Aliette de Bodard had "The Jaguar House in Shadow" on the Best Novelette Hugo shortlist. I didn't think very much of that story (too much like a fragment from a larger narrative). "The Shipmaker", however, I loved. Part of that is probably because it was about a Chinese spaceship, and the woman responsible for building it, which is a combination of ideas practically tailor made for me. What was really striking, though, is that "The Shipmaker"  takes place in the exact same setting as "The Jaguar House in Shadow" and yet (in my opinion) suffers from none of its flaws. I intend to go back to both of them later, and do a comparison to try and work out why one of them worked so well for me, and the other failed.

I've been thinking recently about a 2009 novella written by Jay Lake, called Death of a Starship. Not so much the story itself (which was really fun), but the title. I'd love to write a story under that title. It's a phrase that sparks off all sorts of nifty ideas. And, as it happens, it's a title that could have worked for "The Shipmaker". Perhaps not really well, but it wouldn't have been completely inappropriate.

Lastly, "Arrhythmia" by Neil Williamson was interesting because it's pretty much exactly what I was talking about in my earlier post on music in SF. This is a story about music, and the way it permeates life and grinds you down and inspires you and all that stuff music does. Unfortunately, I don't think it's a great story -- it's very obvious -- but it was fascinating to see how Williamson tackled the ideas I was having so much trouble articulating earlier.

I haven't even mentioned "Flying in the Face of God" by Nina Allen, which I really liked. I'm not sure what the rules are for nominating for a BSFA Award, but whoever the nominators are, they did a great job this year.

Next time, promise I'll talk about something other than awards! 

* This was the story that wasn't included in StarShipSofa #178.

Friday, June 17, 2011

Hugos 2011: Cryoburn, by Lois McMaster Bujold

I feel like I've been a bit negative around here recently, and I'm about to do it again, so I'm going to keep this one short. I've spent quite a bit of time in the last week queuing for movies at the Sydney Film Festival, and I used that time to knock over Cryoburn by Lois McMaster Bujold. This is (I think) the thirteenth Miles Vorkosigan novel. I haven't read any of the other books in the series.

I'm guessing Vorkosigan has a large fan base, because I can think of no other reason why this book would make it on to the Hugo ballot. I suppose it is an okay airport novel, and I probably wouldn't have thought too badly of it -- or thought about it much at all -- were I not comparing it to The Dervish House and The Hundred Thousand Kingdoms.

Miles Vorkosigan, Imperial Auditor, is so supremely talented that it is obvious from the very first chapter he will prevail. There is no tension at all, and in fact the plot twists -- if you could even call them twists -- are telegraphed well in advance. My overwhelming impression is of comfort reading. Characters we are assumed to know, being as Good and Strong and Clever as always, succeeding as we know they must.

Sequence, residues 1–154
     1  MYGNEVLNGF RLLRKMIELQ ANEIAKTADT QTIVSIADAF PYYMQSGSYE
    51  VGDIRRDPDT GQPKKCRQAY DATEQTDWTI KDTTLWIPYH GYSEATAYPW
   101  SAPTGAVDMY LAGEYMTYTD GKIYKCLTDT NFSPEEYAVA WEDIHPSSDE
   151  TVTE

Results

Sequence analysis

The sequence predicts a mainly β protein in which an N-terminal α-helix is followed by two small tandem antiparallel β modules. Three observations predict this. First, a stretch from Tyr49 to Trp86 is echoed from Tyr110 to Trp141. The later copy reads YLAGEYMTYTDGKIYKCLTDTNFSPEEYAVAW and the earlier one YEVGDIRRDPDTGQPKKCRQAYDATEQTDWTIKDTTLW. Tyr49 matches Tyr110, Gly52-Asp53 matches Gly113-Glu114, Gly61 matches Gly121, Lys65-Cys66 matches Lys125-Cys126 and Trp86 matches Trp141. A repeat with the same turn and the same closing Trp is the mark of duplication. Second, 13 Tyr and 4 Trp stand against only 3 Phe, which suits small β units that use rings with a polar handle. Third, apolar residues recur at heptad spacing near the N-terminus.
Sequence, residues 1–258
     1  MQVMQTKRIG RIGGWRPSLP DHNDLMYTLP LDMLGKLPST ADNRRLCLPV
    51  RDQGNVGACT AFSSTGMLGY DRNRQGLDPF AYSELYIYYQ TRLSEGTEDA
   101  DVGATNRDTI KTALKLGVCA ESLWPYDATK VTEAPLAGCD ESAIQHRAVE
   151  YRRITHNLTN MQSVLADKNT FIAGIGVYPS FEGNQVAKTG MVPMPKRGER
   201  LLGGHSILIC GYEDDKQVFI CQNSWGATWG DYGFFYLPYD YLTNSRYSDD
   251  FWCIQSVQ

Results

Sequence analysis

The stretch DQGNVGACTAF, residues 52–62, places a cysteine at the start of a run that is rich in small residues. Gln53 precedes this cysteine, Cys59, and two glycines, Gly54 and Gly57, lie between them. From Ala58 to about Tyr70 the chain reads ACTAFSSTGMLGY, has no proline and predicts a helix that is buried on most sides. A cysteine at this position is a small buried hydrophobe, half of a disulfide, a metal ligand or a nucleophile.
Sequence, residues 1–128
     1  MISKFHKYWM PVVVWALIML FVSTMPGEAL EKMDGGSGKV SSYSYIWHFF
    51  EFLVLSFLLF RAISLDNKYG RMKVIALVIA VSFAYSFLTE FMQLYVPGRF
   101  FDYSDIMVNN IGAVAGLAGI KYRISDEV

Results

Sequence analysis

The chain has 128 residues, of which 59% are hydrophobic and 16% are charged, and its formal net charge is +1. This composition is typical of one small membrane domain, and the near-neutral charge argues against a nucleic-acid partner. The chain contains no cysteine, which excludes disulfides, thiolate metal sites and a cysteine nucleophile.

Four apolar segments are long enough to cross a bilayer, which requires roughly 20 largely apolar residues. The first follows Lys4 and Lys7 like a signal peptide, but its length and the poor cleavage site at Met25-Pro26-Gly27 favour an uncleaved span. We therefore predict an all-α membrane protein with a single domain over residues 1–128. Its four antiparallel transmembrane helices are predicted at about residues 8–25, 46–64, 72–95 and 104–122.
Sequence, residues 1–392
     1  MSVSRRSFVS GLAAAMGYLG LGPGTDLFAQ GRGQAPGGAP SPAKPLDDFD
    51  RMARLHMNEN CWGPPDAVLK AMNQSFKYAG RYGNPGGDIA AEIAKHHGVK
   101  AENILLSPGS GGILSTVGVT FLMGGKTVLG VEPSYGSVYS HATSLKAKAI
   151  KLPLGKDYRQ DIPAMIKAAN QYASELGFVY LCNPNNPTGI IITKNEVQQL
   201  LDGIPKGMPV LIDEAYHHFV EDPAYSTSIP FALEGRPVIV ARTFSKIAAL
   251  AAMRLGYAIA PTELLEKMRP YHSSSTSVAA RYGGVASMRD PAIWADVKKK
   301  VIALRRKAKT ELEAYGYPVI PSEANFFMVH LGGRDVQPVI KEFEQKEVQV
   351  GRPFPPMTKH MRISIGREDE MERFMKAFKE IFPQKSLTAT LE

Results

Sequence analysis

If you're a Vorkosigan fan, I'm sure you loved it. And no doubt you were pleased by the dramatic epilogue, which set the stage for book fourteen. For the rest of us, there's really not much here.

Wednesday, June 15, 2011

Hugos 2011: ettes and las

I have now devoured the Best Novelette and Best Novella Hugo nominees, and so I thought I might talk a bit about them. I'm not going to go through all ten of them in detail. That would probably be boring for you, and then I'd feel guilty for boring you and I'd apologise too much and you'd get angry at me for all the apologising, and that's not a situation from which I'm particularly good at recovering. So I'll try to avoid it by sticking to some more general comments.


It's probably true that I've read less classic science fiction than I should. Nevertheless, hang around long enough and you'll pick up a few things, and so even I spotted just how nostalgic this year's Best Novelette nominees are. Both "Eight Miles" by Sean McMullen and "The Emperor of Mars" by Allen M. Steele pay obvious homage to Edgar Rice Burroughs' Barsoom novels*, and "Plus or Minus" by James Patrick Kelly is clearly a response to Tom Godwin's classic "The Cold Equations". Nostalgia isn't necessarily a bad thing, but it's not particularly exciting. And that's pretty much sums up how I feel about this year's Best Novelette nominees.

I wanted "The Jaguar House in Shadow" by Aliette de Bodard to be my favourite, because it seemed the newest. It is set in a future where a powerful Mexican empire dominates Central (and South?) America. Unfortunately, it felt like a fragment of a larger story. I think a lot of the interesting aspects of the setting were unexplored for no other reason than de Bodard had done it somewhere else.

In the end, I think I'm going to pick "Plus or Minus" for the award -- it's a fairly interesting story, and I think it works as a modern response to a classic. "The Cold Equations" (and, arguably, classical physics) is all about absolutes, whereas things get fuzzier in "Plus or Minus" (and, I suppose, modern physics). My second choice would be "The Emperor of Mars". Sure, it's just a love letter to classic sci-fi, but it's whimsical enough to make me smile.